I was kicking myself when I first missed a chance to catch Starman (1984) which was just another chance to see Jeff Bridges, who lets me honest can’t really make a bad film. Last seeing him in Thunderbolt and Lightfoot (1974) even with the melancholic ending that really hits home. Like man others he will always have a place in my heart as The Dude which was really just the personification of who he has come to be on-screen, ensuring that The Big Lebowski (1998) became a classic (eventually).
What else drew me to Starman was the director John Carpenter whose films I have seen intermittently. I’m working myself up to catching The Thing (1982), with the original by Howard Hawks to watch soon first. Also it’s a piece of forgotten 1980’s science fiction that has to be seen really, even just for that innocent charm that it produces. You could say its an adult version of E.T. The Extra-Terrestial (1982) that’s made from the child’s perspective on finding an alien in the forest, befriending them as he helps him go home. Two years later we have pretty much the same story, throw in a bit of Star Trek: The Motion Picture (1979) in terms of the recent NASA satellite launches, the search for life has produced a result only a few years after it’s launch. Again there is a sense if hope in science fiction with a nice mix of comedy and drama thrown in.
I’m not even bothered by the special effects that actually are special even if dated, if anything they are more charming, made with really love and craft. They don’t rely on even early C.G.I heavily, allowing you to focus on the human drama that we find ourselves following which is more important which is more engaging than any of the special effects that define this as a Science Fiction film. You believe the blue lights that hover into Jenny Hayden‘s (Karen Allen‘s) house and turn her life upside down. That’s how we first meet Starman who assumes the form of her husband in one of the most disturbing pre-C.G.I. sequences. Yet we buy into it as its looks real, the pain that this creature is going through at accelerated growth to become the man who Jenny knows as Scott, or to us as Bridges, the audience soon accepts him, imposter or not.
You could say that what Jenny experience all bereaved people hope for, at least for a time, to have their loved ones back if only for just a few days to say and do what you didn’t have time for. A theme that us explored in again in AI: Artificial Intelligence (2001) when David’s mother’s brought back to life through alien technology and his own memories. We don’t have it that complicated, all the basic ingredients for life are a the disposal of Starman as he assumes human form. His first steps and moments are comical, Bridges is a prefect fit that would have been far different in the hands of Carpenter regular Kurt Russell who would have brought a harder edge to a sensitive subject of bereavement.
What follows is one of the most human and fundamental needs, the need to go home. Its been explored to death in Sci fi and other genres, because it works and can take many form. Leaving from Wisconsin to Winslow, Arizona where we eventually arrive. On the journey he develops from a curious child into a man, without all the messy of growth spurts in-between. Karen believes she’s being kidnapped for a time, as he takes her car, she acts as his guide before they both fall for each other. Of course you have that idea planted in the back of your mind from the beginning, can she fall for an imposter. Yet she falls for another man who looks and imitates him which she accepts. She brings out his humanity that others would otherwise be afraid to see, those weird moments that are just his way of showing his kindness and alien version of humanity.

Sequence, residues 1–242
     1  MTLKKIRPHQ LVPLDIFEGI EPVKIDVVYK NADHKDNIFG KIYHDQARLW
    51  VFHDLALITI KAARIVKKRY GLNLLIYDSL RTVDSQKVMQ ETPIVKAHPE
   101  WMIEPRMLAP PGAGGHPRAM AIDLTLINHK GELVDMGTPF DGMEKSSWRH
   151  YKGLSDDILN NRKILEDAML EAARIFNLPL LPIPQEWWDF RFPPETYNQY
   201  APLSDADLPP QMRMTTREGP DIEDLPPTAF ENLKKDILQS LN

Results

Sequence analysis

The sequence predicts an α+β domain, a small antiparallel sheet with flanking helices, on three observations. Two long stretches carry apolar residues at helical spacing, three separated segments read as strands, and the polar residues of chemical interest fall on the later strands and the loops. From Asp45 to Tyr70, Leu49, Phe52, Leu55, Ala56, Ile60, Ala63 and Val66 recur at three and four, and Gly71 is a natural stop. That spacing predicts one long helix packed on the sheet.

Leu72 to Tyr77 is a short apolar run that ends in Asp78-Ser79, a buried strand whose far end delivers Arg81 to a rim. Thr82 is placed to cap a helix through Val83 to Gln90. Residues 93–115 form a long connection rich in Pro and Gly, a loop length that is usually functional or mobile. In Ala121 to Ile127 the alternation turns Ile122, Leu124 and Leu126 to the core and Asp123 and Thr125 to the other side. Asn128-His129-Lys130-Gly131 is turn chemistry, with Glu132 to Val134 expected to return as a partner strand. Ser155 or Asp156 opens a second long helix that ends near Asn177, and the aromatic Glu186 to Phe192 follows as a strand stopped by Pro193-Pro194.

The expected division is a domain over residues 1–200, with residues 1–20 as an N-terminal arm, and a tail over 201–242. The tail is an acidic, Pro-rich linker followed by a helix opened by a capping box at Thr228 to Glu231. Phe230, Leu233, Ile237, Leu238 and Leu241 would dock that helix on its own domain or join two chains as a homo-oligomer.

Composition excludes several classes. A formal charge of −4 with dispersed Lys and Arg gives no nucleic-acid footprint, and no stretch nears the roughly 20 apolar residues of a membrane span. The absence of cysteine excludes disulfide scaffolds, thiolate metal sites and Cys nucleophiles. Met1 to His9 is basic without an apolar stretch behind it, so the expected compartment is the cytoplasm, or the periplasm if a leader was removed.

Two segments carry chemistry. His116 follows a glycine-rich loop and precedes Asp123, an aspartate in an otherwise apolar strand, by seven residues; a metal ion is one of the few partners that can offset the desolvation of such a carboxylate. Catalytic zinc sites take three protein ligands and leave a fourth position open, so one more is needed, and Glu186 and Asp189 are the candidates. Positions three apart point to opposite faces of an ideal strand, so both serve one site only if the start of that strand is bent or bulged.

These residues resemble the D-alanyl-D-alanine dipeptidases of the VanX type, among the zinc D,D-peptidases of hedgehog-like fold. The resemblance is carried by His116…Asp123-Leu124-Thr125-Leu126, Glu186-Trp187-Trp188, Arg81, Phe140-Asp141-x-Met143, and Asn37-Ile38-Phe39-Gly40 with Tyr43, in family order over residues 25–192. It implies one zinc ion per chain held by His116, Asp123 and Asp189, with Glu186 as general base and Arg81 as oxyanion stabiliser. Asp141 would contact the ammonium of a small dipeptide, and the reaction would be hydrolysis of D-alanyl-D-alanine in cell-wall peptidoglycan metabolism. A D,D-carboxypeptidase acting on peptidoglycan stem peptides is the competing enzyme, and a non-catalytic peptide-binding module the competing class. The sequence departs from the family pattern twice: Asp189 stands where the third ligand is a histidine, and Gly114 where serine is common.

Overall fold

He carries with him and uses 6 silver balls, each of them allow him to carry out a miracle or act, the first for defence before learning how best to use them. They are like those pieces of cake that Alice has when she enters Wonderland she has to use them wisely. Or on another level they are games tokens that should be used to progress to the next level, but sometimes you don’t need them at all.
In pursuit as always is the U.S. government who have tracked this U.F.O. landing and want to find this new life form. Much like E.T. and Short Circuit (1986). Wanting to kill the unknown without trying to really understand it by just talking or just reaching out to the strange visitor who just wants to get back. These visitors always come with a message or want to get away quickly because they are on tight schedule. Just a quirk of the genre, stopping only long enough to learn, return and report to their own people, a long-range reconnoissance you could say. We are too primitive to really make friends with even in the 1980’s.
So after kicking myself the first time I was pleasantly surprised by the much over-looked gem of a film that explores bereavement through science fiction, tied in with some really obvious references to earlier films, its far lighter than the predecessors. Focused more on a telling a story that resonates with you. However I did want to know more about those silver balls, which could have been explored in a sequel which would work naturally as the ending tells us. Its not always necessary to have all the special effects and use them, when you have a story that could be told on a shoe-string budget.